{ regex: /echo.*$/gmi,                                  css: 'keyword'},
		// variables
		{ regex: /%w+\1/gmi,                                    css: 'keyword'},
		{ regex: /%\*|%%?~?[fdpnxsatz]*[0-9a-z]\b/gmi,          css: 'keyword'},
		// clear cls keywords
		{ regex: new RegExp(this.getKeywords(variable), 'gmi'), css: 'variable'},
		// if and key words
		{ regex: new RegExp(this.getKeywords(constants), 'gmi'),css: 'constants'},
		// labels
		{ regex: /^:.+$/gmi,                                    css: 'script'}
	];
};

/* Create the highlighter object. */
SyntaxHighlighter.brushes.Batch.prototype = new SyntaxHighlighter.Highlighter();
/* Set the Aliases */
SyntaxHighlighter.brushes.Batch.aliases = ['bat','batch'];

So the reason that my css does not match the actual of what it is would be because the theme does not match my preference.  I perfer comments to be green, so since the string for the RDark format is green, I had to assing my comments to the string.  This was pretty confusing but the way I figured out my color scheme was simple enough.  In <root>/wp-content/plugins/syntaxhighlighter/styles/ you will find all of the css files to coordinate with the theme.  Half way down, you will see “Actual Syntax Highlighter Colors” and it is at this point that you will want to see what all of your options are.  Rather than converting #5CE63B to green, I went and made a sample script once my plugin was complete, I then went and set up a color tester like this, in place of my normal brush file:

/** shBrushBatch.js  - color test version **/
SyntaxHighlighter.brushes.Batch = function()
{
	/* 	set your wordpress to:
			1
			string
			comments
			... continue until the last keyword ...
			color3
			1 I dropped the correct closing in the example for formatting. */
	var string = 'string';
	var comments = 'comments';
	// ... continue to the last keyword ...
	var keyword = 'color3';

	this.regexList = [
		{ regex: new RegExp(this.getKeywords(string), 'gmi'), 	 css: 'string'},
		{ regex: new RegExp(this.getKeywords(comments), 'gmi'),  css: 'comments'},
		// ... continue to the last keyword ...
		{ regex: new RegExp(this.getKeywords(color3), 'gmi'), 	 css: 'color3'}
	];
};

SyntaxHighlighter.brushes.Batch.prototype = new SyntaxHighlighter.Highlighter();
SyntaxHighlighter.brushes.Batch.aliases = ['bat','batch'];

After doing this and seeing the colors, I could then associate which color I wanted for which sets of syntax.

Now, onto making the plugin work.  Obviously, you’ll need both of these files to have any results.  What this does is when you activate this plugin (yes, it does show in your plugins) then SyntaxHighlighter adopts it.  This script is pretty standard from what I saw online and is almost exactly out of the author’s blog post.  The comments at the front are what will appear in your WordPress under Plugins.  I’ve kept the comments mostly the same as the author, as he is describing it better than I could.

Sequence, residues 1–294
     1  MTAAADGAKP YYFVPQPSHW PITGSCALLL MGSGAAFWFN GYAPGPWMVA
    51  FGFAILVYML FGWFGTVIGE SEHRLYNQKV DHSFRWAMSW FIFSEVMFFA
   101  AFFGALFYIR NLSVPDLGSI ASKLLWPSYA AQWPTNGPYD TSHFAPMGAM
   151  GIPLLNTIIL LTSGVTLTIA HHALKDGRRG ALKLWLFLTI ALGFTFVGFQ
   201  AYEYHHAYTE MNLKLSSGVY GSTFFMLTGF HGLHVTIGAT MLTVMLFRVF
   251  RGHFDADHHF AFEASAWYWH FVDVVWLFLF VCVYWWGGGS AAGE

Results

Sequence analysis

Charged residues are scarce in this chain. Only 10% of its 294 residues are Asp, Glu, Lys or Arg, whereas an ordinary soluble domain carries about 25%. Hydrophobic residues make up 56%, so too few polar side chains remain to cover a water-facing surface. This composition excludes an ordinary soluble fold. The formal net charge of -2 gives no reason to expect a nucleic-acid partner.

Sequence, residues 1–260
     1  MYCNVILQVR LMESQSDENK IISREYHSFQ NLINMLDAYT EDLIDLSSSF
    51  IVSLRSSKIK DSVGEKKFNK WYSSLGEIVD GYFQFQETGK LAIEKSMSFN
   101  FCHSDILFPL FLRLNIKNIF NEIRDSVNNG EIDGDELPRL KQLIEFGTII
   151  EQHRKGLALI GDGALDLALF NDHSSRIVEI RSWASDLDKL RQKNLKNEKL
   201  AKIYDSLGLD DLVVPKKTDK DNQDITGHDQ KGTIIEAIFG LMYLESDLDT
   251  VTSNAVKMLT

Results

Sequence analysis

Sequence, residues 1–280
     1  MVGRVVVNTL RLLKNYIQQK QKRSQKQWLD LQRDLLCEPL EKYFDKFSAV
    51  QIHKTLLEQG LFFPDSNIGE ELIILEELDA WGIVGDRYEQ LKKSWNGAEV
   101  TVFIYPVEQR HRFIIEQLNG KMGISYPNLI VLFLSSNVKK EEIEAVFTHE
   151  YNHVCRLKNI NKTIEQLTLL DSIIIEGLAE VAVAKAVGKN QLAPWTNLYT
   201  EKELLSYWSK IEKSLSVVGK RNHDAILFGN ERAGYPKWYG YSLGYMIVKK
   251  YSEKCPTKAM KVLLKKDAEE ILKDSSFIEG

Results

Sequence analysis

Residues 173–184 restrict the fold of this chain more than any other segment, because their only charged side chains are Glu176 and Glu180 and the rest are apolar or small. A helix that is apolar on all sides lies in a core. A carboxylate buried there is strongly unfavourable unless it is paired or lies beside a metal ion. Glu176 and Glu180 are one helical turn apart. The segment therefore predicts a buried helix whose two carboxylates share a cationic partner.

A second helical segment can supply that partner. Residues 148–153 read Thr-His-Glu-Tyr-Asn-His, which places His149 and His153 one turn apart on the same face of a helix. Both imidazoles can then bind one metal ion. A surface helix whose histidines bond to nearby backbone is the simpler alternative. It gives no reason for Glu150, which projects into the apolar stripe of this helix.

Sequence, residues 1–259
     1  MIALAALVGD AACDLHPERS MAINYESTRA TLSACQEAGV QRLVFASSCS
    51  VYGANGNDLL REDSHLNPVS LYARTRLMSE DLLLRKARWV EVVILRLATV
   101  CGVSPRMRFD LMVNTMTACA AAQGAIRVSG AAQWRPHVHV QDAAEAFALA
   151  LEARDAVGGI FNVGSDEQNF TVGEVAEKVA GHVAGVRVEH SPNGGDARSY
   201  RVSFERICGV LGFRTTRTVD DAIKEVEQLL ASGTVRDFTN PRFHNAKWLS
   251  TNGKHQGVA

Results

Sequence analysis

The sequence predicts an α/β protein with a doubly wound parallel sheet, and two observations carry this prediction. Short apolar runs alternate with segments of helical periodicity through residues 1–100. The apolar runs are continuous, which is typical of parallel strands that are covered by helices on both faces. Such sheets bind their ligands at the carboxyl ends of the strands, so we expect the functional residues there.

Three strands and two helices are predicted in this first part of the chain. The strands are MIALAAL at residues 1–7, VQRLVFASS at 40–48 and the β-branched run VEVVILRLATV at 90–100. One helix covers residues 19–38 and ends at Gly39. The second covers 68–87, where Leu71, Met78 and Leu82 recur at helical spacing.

<?php
/*
Plugin Name: Batch Brush - SyntaxHighlighter Evolved
Descriptionn:  Adds support for the Batch language to SyntaxHighlighter Evolved.
Author: Zachary D. Skelton
Version: 1.0.2
Author URI: http://www.skeltonnetworks.com/
*/

// SyntaxHighlighter doesn't do anything until early in the "init" hook.
add_action('init','syntaxhighlighter_batch_regscript');

// Tell SyntaxHighlighter about this new brush.
add_filter('syntaxhighlighter_brushes','syntaxhighlighter_batch_addlang');

// Register the brush with WordPress.
function syntaxhighlighter_batch_regscript() {
	wp_register_script('syntaxhighlighter-brush-batch',
		plugins_url('shBrushBatch.js',__FILE__),
		array('syntaxhighlighter-core'),'1.0.2');
	}
// Add alternative names for your brush.
function syntaxhighlighter_batch_addlang($brushes) {
	$brushes['batch'] = 'batch';
	$brushes['bat'] = 'batch';

	return $brushes;
	}
?>

At this point you should be able to load your page.  If it cannot find the brush (you’ll get a dialog to let you know), you could replace plugins_url() in line 19 with a string of a direct path to the file, but there should be no need for it.  The most common reason for this is an error in your javascript brush, so make sure to check that before going to insane.  After this is all done, you may have problems seeing the results.  It took me 5 loads of the correct format before I saw the change, in that case, deactivate the plugin, clear the cache, change the plugin version number in line 6 and re-activate the plugin.  Should not need all of that but some browsers are fussy, and that takes care of any problem with the cache. As I said before, this is well documented and relatively easy to make.  You can see that I made my plugin only apply to my script but it would be easy to add more things to it.  I used a lot of my regex directly from this plugin because that is a skill I’m still working on.  But this was surprisingly simple, and you can find lots of good information on making plugins of your own.  It is surprisingly not too tough!